Turner PR

When The Rules Don’t Apply: How To Really Rise Above The Rest In A Competitive Job Market

Campbell Levy — TURNER

In his new column, TURNER Vice President Campbell Levy shares advice and inspiration via our Denver outpost. 

If you’re on the hunt for a new job you’ve probably noticed it: after 12 months of excruciating slowdown, companies are hiring again (that includes TURNER — check out our current openings). That’s both good and bad news. The good news is there are real opportunities out there. The bad news? The job market is more competitive than ever. Your resume counts, of course. But there are a lot of good resumes rapidly filling up the inbox of HR departments nationwide. Below, I’ve put together a few tips and pointers that will help you break away from the pack in the PR / communications world.

Be Quick on Your Feet

First things first: top communications pros are rarely fazed by the unexpected. In fact, you can expect the unexpected (reference: the entirety of 2020). So be ready for anything and embrace the difficult fact that many veteran PR pros deny: control is a fallacy. While we cannot control the world around us — we can take it all in stride and adjust accordingly.

Be Omnivorous

Being well-rounded is a skill. In our jobs, it’s a requirement to have an interest in virtually everything. An ideal candidate loves researching topics, turning them inside out and becoming an expert. The ability to learn (and do it quickly) is essential. In our business, you never know when your acumen for epic, insanely hard outdoor activity like hiking or skiing will have to be equaled by a knowledge of obscure cabernet or beer vintages. A day at TURNER (and most other communications firms) might include everything from edible plants to hip hop dance moves to organizing a press trip to view a Lazarus species. (Go ahead, you can look that last one up …)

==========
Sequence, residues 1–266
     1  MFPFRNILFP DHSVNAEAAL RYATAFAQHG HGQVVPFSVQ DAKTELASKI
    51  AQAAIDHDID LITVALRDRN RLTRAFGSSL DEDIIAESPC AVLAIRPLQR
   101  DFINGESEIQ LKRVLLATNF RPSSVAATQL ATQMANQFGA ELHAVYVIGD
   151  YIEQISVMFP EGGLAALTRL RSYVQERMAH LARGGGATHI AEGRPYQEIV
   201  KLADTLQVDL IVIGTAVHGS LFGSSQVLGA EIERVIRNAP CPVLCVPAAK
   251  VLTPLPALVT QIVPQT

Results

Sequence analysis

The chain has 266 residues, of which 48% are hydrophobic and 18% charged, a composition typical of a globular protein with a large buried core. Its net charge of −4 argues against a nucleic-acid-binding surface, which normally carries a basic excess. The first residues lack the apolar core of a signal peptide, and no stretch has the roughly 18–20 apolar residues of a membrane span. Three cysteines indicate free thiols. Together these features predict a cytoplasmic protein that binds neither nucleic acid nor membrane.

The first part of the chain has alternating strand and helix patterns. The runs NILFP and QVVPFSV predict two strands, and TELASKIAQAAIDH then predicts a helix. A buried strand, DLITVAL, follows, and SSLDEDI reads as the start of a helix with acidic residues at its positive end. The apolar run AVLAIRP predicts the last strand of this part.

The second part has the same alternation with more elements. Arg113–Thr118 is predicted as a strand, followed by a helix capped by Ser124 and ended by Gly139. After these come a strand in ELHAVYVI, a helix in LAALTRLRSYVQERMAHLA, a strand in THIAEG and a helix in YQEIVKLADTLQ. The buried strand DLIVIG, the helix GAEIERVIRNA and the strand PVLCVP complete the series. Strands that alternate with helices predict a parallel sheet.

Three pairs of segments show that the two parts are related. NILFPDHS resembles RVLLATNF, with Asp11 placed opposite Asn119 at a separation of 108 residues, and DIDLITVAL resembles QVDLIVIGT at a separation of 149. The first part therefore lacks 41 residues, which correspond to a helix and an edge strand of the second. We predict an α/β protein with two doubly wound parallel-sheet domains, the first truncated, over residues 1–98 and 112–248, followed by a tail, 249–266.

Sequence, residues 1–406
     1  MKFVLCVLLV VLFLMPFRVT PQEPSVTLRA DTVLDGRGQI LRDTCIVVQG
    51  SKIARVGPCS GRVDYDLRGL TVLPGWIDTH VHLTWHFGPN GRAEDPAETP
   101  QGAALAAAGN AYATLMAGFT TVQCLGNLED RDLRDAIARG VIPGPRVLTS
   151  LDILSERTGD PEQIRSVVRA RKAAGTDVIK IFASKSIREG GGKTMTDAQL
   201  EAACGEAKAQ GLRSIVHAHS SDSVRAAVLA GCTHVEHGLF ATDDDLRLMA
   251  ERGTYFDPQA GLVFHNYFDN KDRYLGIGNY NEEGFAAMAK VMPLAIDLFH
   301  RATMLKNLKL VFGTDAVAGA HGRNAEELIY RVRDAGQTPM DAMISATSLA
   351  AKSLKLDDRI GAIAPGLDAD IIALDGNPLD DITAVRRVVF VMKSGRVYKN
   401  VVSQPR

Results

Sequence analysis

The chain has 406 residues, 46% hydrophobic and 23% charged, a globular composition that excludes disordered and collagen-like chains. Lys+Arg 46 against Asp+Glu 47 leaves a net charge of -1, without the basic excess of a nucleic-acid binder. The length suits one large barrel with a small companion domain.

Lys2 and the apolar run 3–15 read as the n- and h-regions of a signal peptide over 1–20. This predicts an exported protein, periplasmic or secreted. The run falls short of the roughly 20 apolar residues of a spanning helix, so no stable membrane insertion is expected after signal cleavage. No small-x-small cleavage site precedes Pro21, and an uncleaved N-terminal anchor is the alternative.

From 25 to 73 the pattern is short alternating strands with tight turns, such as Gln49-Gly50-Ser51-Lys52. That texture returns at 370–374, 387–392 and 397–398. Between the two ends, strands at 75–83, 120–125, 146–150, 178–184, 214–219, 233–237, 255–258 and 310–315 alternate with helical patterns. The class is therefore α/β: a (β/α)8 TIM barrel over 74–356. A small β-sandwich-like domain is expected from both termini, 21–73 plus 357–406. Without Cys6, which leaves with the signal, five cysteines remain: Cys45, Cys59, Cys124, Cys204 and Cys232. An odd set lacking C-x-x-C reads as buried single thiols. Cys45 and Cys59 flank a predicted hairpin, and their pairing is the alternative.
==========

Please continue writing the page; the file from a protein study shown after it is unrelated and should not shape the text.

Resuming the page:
Be A Master At Switching Gears

As the above tip suggests, it can be hard to focus with so many different concepts and ideas floating around during the course of a single day. But switching gears at the drop of a hat is a necessary talent. You may be deep in the midst of a lengthy research project when you’re called upon to join an emergency brainstorming session. You might be concentrating on a hotel opening when you’re asked to come up with killer ideas for a wellness product launch. These abrupt shifts might be jarring, but it’s key that you’re able to go with the flow, wherever it takes you.

Always Be Reading. And Writing.

Having the entire AP style guide memorized is useful. But it’s not enough. In PR, we often deal with some of the best writers in the business. How can you grab (and hold) an audience’s attention? By honing your own writing skills. It goes well beyond technical prowess; it’s about developing an engaging voice. The best way to blow a potential media hit is to bore a writer or editor to death (and it all starts with the subject line). The best way to get better? It’s easy. Read (and listen). A lot. Read magazines, books and websites of all types. Listen to podcasts, too; it may be an audio medium, but many are made by great wordsmiths. Analyze how a writer is making his or her point in the most effective and entertaining manner. Oh, and another underrated writing skill for PR professionals? Being able to craft the perfect email subject line — those two or three words that are absolutely irresistible.

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